Malaysia’s bill of demand for sales tax quashed
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Malaysia’s bill of demand for sales tax quashed

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WMSB is a company principally engaged in trading of edible oil products

DP Naban, S Saravana Kumar and Ng Kar Ngai of Rosli Dahlan Saravana Partnership discuss a case decided by Malaysia’s High Court where the taxpayer successfully has the bill of demand for sales tax quashed.

The High Court allowed a judicial review application to quash a bill of demand for sales tax issued by the Director General of Customs (DGC) in the WMSB case. In essence, the DGC had arbitrarily disallowed WMSB’s application for sales tax exemption under item 57, Schedule A of the Sales Tax (Persons Exempted From Payment of Tax) Order 2018 (Exemption Order).

WMSB is a company principally engaged in trading of edible oil products. WMSB’s products are sold to the overseas market. The commercial arrangements in WMSB’s trading activity are consistent whereby WMSB sources for edible palm oil and packaging materials from Malaysian manufacturers. The packaging materials are delivered to the appointed packer of WMSB, who fill the edible oil into the packaging materials. The appointed packer is also a Malaysian business entity. Given the nature and volume of the edible oil, the edible oil cannot be sold to the overseas market without being packed into the packaging materials.

Upon completion, the goods are exported to WMSB’s customers. The export declaration forms are lodged in the name of WMSB as the exporter. In 2018, WMSB obtained a verbal confirmation from customs that WMSB is eligible for the exemption on the purchase of the packaging materials under the Exemption Order. WMSB was also granted 17 certificates of exemption by the DGC through customs. 

However, the DGC disallowed WMSB’s claim for exemption stating that:

  • WMSB’s description of goods and tariff codes declared in Form K2 do not match with the packaging materials purchased; and

  • The exemption is not intended for value added or processing activity.

The High Court allowed WMSB’s application for judicial review, where WMSB submitted that:

  • The Exemption Order is effectively a subsidiary legislation made under the Sales Tax Act 2018 (STA) and, as such, would be equally applicable as the STA. The DGC must therefore give effect to the Order where relevant and applicable, as the DGC would with any provisions of the STA;

  • The Exemption Order would be relevant and applicable if the conditions for such exemption are satisfied. The DGC must then give effect to the exemption and there is no discretion as to whether such exemption will be granted regardless of any factors. This principle was applied in the Syarikat Pendidikan Staffield case;

  • The necessary conditions for the exemption under Item 57, Schedule A of the Exemption Order have been satisfied as

    • WMSB had obtained the certificates of exemption issued by the DGC;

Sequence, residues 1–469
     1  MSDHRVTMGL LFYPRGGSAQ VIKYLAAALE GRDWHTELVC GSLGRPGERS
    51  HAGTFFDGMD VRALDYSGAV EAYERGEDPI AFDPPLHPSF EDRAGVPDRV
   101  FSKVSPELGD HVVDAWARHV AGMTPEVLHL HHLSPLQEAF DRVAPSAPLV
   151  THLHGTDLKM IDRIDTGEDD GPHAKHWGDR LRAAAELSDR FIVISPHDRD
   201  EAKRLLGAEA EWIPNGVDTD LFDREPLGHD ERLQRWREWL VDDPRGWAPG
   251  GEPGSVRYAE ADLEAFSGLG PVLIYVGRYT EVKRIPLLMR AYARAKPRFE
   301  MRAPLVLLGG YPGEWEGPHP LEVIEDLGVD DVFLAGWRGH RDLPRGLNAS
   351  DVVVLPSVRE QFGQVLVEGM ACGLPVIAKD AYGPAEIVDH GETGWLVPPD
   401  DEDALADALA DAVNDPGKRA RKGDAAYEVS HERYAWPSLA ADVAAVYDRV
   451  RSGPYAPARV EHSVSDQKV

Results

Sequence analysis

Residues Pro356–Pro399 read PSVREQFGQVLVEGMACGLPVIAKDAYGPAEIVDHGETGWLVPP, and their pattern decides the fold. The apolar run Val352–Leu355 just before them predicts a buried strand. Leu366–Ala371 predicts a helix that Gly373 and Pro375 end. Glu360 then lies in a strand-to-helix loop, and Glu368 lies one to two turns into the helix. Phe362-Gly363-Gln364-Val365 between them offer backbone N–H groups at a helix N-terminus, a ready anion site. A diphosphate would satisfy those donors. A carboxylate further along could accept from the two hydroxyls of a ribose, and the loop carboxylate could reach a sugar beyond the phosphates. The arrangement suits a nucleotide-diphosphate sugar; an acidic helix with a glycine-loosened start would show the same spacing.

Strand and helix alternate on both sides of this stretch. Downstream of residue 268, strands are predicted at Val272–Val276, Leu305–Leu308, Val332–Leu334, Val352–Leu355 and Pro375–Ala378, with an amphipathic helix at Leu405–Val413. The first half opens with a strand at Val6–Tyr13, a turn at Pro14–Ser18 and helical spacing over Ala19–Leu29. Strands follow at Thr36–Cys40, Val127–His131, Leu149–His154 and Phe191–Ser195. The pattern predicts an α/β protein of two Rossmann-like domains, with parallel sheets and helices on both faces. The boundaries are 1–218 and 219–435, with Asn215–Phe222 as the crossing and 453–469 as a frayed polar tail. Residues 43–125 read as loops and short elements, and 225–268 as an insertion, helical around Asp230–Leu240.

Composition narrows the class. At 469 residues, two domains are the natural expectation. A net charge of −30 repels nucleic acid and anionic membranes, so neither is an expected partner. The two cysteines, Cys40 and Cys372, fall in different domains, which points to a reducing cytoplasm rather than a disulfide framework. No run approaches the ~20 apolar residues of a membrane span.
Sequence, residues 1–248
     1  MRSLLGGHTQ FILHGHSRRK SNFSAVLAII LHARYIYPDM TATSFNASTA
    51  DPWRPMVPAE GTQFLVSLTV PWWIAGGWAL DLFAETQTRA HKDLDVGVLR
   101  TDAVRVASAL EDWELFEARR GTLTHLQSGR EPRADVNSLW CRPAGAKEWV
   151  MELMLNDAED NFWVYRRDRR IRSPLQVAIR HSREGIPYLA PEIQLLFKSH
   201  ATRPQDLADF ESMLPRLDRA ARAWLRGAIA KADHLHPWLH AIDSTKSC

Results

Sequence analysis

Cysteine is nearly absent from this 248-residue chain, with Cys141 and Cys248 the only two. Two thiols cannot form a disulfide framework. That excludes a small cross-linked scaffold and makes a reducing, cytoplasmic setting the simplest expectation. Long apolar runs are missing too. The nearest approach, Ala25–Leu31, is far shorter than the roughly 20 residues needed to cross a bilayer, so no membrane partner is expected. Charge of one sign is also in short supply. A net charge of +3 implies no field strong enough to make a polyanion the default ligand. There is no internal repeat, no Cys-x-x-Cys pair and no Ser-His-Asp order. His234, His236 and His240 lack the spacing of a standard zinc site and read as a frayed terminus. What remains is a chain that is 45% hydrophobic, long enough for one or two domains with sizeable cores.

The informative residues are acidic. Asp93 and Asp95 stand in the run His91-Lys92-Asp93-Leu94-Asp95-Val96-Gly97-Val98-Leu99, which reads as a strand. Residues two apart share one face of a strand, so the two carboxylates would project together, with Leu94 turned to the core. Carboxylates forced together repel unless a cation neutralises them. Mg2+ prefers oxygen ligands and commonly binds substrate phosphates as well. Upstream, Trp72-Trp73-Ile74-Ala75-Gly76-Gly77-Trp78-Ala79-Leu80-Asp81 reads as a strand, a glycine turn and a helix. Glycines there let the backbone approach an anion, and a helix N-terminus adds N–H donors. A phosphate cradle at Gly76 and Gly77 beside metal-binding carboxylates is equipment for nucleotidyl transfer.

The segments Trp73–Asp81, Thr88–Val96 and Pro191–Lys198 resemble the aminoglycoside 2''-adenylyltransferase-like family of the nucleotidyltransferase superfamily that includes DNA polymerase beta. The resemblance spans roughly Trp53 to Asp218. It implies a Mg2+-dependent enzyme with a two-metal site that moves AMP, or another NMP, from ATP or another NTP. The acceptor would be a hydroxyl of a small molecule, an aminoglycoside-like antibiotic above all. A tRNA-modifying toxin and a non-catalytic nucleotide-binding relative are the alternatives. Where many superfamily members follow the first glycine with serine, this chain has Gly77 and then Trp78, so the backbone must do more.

• WMSB had purchased the packaging materials from registered manufacturers; and

    • The goods were exported within six months from the date of purchase.

  • WMSB’s business operations must be seen in totality and not in isolation. As held in the Servier Malaysia case, it would be necessary for income tax purposes, to look at a business as a whole set of operations directed towards producing income. Without the packaging materials, WMSB will not be able to export and sell the edible oil;

  • Further, pursuant to the decision in the Latex Manufacturing case, where there was no cancellation of a tax exemption granted, WMSB ought to be able to enjoy the tax exemption granted to it and the DGC is not allowed to disregard such tax exemption;

  • Relying on the Indian precedents on the enforcement of policies, i.e. exemptions, incentives and/or concessions implemented by the authorities, it is clear that the executive is bound by the policy decisions implemented by the legislature and the executive is prevented from imposing taxes against such policy decisions;

  • The executive is prevented from ‘blowing hot and cold’ in the event a representation for tax incentive was made and the taxpayer has relied on such representation;

  • It is erroneous of the DGC to impose his own conditions on WMSB when such conditions are not stipulated in the Exemption Order. In the National Land Finance case, the Supreme Court held that there is no room for any intendment in interpreting a taxing statute;

  • By usurping the role of the Parliament and inserting their own requirements into the Exemption Order, the DGC had exceeded his powers and the decision was, therefore, unlawful as being an unreasonable exercise of power such that it becomes the duty of the court to intervene; and

  • Additionally, WMSB had a legitimate expectation that it would be entitled to enjoy the tax exemption for the entire term granted to it. The principle of legitimate expectation is equally applicable in tax cases, as demonstrated in the Paramount Malaysia case.

This decision affirms the principle that any exercise of power by a public authority is subject to legal limits and any act done in ignorance of the decisions of the courts and the relevant statutory provisions stand to be quashed.

 

DP Naban

Senior partner, Rosli Dahlan Saravana Partnership

E: naban@rdslawpartners.com

 

S Saravana Kumar

Partner, Rosli Dahlan Saravana Partnership

Head of tax, SST and customs practice

E: sara@rdslawpartners.com

 

Ng Kar Ngai

Associate, Rosli Dahlan Saravana Partnership

E: karngai@rdslawpartners.com


 

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